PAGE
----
Have things changed so dramatically that Obama will have room to dump his biggest campaign contributers overboard? That question will be answered in the coming weeks.
This post was published on the now-closed HuffPost Contributor platform. Contributors control their own work and posted freely to our site. If you need to flag this entry as abusive, send us an email.

When Obama said he wanted bi-partisanship, this is probably not what he had in mind: Democrats and Republicans in Congress speaking in a united voice against corporate executives that have been equally cosy with Democrats and Republicans.

As in: equally cosy with Senator John Warner, that bad Republican, and Chris Dodd, who presented himself as a mild progressive in the last Democratic presidential primary.

As in: equally cosy with the Fed and Treasury under Clinton and Bush. As in: pretty darn cosy with President Obama himself.

Forget the bonuses at AIG. Chump change. Let's put what Goldman Sachs has been up to in plain English. Goldman Sachs had made a lot of esoteric financial transactions with AIG. Banks were collapsing at the time, leaving their investors with huge losses. When things started looking shaky at AIG, Goldman and other investors started calling in their claims, and pushed AIG off the cliff.

Now ask yourself: with banks collapsing, why would you push the one you had put so much money in to collapse?

Answer: because you had your boys on the inside in Washington, that's why. And your boys got a bail-out package for AIG which actually paid you more than your claims that broke the bank. What investors had demanded from AIG was collateral on debts. But they actually got with the bailout was the whole damn amount, 100 cents on the dollar.

To put it even more bluntly: if AIG had managed to not collapse and not require $180 billion in taxpayer money, Goldman Sachs would be sitting today with some very very shaky investments. But since AIG collapsed, the folks at Goldman cleaned up.

Or even more bluntly: Goldman used AIG as a funnel.

That's a nice trick. It's like two guys rolling someone on the street when the first guy comes up on the right and throws a punch after which the guy on the left quietly lifts the mark's wallet. Of course you run the risk that the cops might see you. Then again, if you have the cops in your pocket...

OK, that is a simplification. It is not the whole story. But it is a big part of the story.

But but... wasn't there an election between the AIG bail-out and today? The world changed, didn't it?

Goldman Sachs employees gave just shy of a million dollars to the Obama campaign, ranking second in contributions. Citigroup and JPMorgan ranked sixth and seventh. Goldman Sachs gave Obama four times more than they gave McCain.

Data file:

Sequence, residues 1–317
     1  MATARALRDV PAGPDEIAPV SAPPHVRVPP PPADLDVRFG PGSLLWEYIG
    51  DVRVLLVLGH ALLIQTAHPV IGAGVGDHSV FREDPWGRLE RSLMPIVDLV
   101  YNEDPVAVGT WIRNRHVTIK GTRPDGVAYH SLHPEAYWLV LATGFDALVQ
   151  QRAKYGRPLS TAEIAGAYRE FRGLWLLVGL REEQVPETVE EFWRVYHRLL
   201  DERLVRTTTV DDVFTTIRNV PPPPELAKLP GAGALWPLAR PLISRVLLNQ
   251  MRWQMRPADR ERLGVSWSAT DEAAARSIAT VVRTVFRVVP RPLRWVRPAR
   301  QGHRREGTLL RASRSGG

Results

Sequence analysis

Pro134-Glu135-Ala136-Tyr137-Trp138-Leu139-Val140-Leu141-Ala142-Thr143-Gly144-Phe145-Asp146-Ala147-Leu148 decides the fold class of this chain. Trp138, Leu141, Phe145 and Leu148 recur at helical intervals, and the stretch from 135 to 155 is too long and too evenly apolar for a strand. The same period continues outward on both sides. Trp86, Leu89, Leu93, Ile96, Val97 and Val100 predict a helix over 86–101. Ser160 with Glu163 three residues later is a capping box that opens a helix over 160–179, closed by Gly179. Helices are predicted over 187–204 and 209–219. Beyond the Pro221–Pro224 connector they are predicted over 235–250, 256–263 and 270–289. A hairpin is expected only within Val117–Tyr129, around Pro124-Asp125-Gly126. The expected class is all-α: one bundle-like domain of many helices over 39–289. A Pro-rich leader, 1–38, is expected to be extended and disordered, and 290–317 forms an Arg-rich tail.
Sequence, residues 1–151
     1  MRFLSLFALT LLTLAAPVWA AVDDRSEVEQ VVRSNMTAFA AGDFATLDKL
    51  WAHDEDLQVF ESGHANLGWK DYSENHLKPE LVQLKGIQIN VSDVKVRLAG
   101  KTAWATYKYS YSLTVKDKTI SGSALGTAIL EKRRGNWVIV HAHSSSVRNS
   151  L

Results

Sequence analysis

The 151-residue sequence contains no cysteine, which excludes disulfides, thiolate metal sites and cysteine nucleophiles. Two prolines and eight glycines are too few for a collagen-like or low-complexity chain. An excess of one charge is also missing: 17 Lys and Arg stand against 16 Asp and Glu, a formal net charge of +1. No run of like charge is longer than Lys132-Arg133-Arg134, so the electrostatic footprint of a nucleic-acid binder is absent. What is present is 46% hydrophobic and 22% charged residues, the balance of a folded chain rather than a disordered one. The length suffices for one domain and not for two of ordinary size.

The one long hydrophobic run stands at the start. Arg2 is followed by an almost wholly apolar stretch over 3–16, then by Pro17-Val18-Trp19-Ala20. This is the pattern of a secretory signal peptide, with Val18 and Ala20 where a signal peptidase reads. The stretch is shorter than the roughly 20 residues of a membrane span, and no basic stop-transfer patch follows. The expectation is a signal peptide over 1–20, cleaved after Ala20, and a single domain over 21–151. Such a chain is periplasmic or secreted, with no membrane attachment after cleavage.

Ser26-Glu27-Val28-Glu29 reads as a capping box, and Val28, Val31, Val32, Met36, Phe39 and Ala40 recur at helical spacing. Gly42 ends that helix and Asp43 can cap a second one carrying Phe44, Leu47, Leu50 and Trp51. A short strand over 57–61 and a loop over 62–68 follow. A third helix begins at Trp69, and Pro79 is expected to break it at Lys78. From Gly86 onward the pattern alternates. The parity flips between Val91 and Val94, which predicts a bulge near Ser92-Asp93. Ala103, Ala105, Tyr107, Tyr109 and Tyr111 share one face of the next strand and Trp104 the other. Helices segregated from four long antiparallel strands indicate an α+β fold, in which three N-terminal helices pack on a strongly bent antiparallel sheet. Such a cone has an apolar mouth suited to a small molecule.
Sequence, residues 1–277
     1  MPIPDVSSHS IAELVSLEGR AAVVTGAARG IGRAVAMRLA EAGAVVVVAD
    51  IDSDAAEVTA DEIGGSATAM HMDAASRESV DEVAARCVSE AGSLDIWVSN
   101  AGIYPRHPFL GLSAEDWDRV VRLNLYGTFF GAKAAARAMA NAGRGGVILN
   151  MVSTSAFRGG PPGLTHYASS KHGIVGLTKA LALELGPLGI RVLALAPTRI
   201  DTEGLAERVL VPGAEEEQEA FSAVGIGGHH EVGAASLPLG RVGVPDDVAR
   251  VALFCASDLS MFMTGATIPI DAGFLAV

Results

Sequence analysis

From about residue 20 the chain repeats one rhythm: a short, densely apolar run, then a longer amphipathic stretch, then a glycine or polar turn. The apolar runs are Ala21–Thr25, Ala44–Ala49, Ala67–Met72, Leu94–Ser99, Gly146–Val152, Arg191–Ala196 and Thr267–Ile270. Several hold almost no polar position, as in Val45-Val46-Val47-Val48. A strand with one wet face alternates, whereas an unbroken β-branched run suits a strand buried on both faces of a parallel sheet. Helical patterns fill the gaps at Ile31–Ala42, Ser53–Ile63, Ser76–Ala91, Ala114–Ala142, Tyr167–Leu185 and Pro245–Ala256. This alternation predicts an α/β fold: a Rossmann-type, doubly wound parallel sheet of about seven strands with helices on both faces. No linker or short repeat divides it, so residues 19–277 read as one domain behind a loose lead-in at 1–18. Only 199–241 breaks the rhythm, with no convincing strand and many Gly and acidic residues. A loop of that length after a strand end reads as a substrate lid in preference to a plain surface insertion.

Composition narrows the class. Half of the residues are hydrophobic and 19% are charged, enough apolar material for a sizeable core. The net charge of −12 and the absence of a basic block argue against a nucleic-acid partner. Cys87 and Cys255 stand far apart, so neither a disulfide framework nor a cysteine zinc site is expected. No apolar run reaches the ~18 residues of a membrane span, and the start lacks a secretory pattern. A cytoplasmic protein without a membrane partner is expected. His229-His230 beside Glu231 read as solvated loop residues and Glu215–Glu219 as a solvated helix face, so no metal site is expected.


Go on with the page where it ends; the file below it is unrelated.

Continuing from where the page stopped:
This is one big fat ugly chicken that is coming home to roost.

Our political attention span being what it is, we might need reminding that there was actually a big debate over this very thing last year. From my July 1 blog:

When Barack Obama pulled out of public campaign financing, I wrote a column about his money machine, noting that despite all the small Internet donors, his campaign is still mostly funded in the most traditional of ways. Numerous readers taking offense at my characterization of Obama's fundraising as dominated by "fat cats." In light of new details on Obama's fundraising which have become available, now would be a good time to revisit this issue.

I noted that that, by the end of June, Wall Street had already given Obama $9.5 million, that four out of his top five contributors are employees of financial industry giants, with Goldman Sachs at the top of the list. Even conservative New York Times columnist David Brooks was appalled: "Over the past few years, people from Goldman Sachs have assumed control over large parts of the federal government. Over the next few they might just take over the whole darn thing."

The reader response was overwhelmingly negative. The debate was over which was more significant: the half of Obama's money that came in small Internet contributions, or the half that came from big corporate money. I argued that:

adding a layer of small Internet donations (45% of Obama's money) on top of all the traditional campaign money (55% of Obama's money) does not change the game of politics and money. It just adds another layer to the same old cake. To really change the game, one would need to replace all that traditional money with small Internet donations.
Just think through the basics: if on one side you have over a million people giving you little donations that make up 45% of your budget, and on the other side you have a handful of people giving you big donations that make up 55% of your budget, whose telephone calls are you going to take?

So here we are with the world economy collapsing and the big question is exactly this: whose calls is Obama going to take? Because both sides are calling, big time. I don't have to tell you who is winning so far.

But I am more optimistic than I thought I would be at this point. The looting of the US Treasury has not gone as planned. Everything is spiraling out of control. And Americans are actually mad! Bankers are in tears (at least according to their congressional testimony). When Republican congressmen are calling for corporate execs to commit mass suicide, you know the ground has shifted.

Have things changed so dramatically that Obama will have room to dump his biggest campaign contributers overboard? That question will be answered in the coming weeks.

Now is not the time to be quiet. Now is the time to yell bloody murder. We will soon know whose call comes through the loudest.

Popular in the Community